Religion and Politics in the United States
GMF and NPR Worldwide are pleased to bring you an hourlong discussion on religion and politics with Ray Suarez. During his visit in Berlin, Suarez was joined by German politician Dietmar Nietan (SPD) Herman Groehe (CDU/CSU) to discuss understandings and misunderstandings of the politics of faith in America and Germany.
Religion and politics debated in Europe
On March 19-23, 2007, the German Marshall Fund hosted Ray Suarez for a European tour to speak on the issue of religion and politics in the United States. Suarez is a senior correspondent for the Jim Lehrer NewsHour and author of The Holy Vote, a book on religion and politics in the United States.
Suarez visited and talked with people in Paris, Berlin, Istanbul and Brussels. In each city a variety of participants engaged in the issues, including government representatives, NGO and religious organization representatives and members of the media.
Suarez touched on a wide variety of issues, providing first a historical overview of the interaction between religion and politics and then choosing the topic of embryonic stem cell research to show the fault lines and contradictions that increasing involvement in politics brings about for religious activists. He went on to point out that the unity that characterized the religious right over the past two decades seems to be showing cracks.
Using the 2008 presidential race as an example, Suarez showed how increasingly in the United States, religion is a factor in running for political office. Democratic candidates, not previously the preferred Christian right candidates, have to show their religious affiliations more and more in hopes to win the right, while the Republican frontrunners are not clear allies of the religious right, and far from representing their values - Giuliani is on his third marriage, Romney is a Mormon and McCain is more a traditional than a "values" Republican.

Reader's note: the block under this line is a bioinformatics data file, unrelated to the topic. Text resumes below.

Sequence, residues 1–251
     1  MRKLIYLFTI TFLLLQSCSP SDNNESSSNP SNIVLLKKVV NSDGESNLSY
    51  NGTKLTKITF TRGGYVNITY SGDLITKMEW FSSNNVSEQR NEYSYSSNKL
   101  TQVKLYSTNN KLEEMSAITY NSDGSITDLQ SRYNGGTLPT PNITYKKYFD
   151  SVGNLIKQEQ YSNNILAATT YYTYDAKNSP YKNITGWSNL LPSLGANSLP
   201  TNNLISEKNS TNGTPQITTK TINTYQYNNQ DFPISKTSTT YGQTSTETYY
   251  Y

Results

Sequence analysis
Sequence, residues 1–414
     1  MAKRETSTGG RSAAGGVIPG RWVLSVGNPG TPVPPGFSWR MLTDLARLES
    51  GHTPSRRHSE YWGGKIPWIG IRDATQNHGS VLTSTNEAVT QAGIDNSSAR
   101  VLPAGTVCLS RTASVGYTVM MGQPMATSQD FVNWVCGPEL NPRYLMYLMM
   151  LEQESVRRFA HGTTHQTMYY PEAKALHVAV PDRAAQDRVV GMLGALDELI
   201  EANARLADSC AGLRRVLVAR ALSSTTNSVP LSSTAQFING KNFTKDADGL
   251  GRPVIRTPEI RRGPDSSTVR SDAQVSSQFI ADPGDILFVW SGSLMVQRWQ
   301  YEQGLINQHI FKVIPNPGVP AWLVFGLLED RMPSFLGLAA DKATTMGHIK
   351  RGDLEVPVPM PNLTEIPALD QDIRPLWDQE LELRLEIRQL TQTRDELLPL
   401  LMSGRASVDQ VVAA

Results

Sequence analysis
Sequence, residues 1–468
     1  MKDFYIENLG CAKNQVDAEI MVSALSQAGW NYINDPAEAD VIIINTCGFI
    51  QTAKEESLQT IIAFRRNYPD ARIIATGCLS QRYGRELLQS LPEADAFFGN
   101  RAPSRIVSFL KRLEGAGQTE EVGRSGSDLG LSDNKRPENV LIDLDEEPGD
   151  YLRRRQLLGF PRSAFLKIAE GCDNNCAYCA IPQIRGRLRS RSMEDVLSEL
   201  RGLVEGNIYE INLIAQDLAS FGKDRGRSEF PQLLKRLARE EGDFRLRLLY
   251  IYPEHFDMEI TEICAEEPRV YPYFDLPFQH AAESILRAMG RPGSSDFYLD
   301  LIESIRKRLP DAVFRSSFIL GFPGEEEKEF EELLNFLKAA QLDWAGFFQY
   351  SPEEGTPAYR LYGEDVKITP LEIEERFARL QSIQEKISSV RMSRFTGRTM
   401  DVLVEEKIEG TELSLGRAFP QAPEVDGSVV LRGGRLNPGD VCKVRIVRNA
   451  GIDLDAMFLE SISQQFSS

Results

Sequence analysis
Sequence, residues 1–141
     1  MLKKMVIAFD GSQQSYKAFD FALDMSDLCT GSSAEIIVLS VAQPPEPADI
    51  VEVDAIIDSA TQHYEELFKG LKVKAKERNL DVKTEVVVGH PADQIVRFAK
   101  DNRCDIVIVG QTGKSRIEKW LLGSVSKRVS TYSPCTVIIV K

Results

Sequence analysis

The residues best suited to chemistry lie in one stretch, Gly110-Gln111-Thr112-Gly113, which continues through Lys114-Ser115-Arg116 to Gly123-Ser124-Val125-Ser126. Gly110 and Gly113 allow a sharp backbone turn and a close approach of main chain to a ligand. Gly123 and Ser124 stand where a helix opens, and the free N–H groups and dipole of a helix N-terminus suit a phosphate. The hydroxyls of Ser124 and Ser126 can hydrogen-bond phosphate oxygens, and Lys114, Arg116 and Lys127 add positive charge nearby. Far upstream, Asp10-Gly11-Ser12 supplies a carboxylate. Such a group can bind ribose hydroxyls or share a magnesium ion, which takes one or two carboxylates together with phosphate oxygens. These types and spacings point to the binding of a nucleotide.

At the last stop on the tour, Suarez pointed out some of the main differences in the reactions that he received from different audiences in the four European cities. In Paris people were focused on Muslim immigration/integration issues, while in Turkey, a country with a secular government but very traditional Islamic population, people see the US as a model for maintaining the separation of church and State and minority integration. In Berlin and Brussels, there was a general sense of not understanding how it is that religion and politics are so deeply interlinked in the United States and a general sense of dismay for the historical and social reasons behind Americans' political and ideological polarization.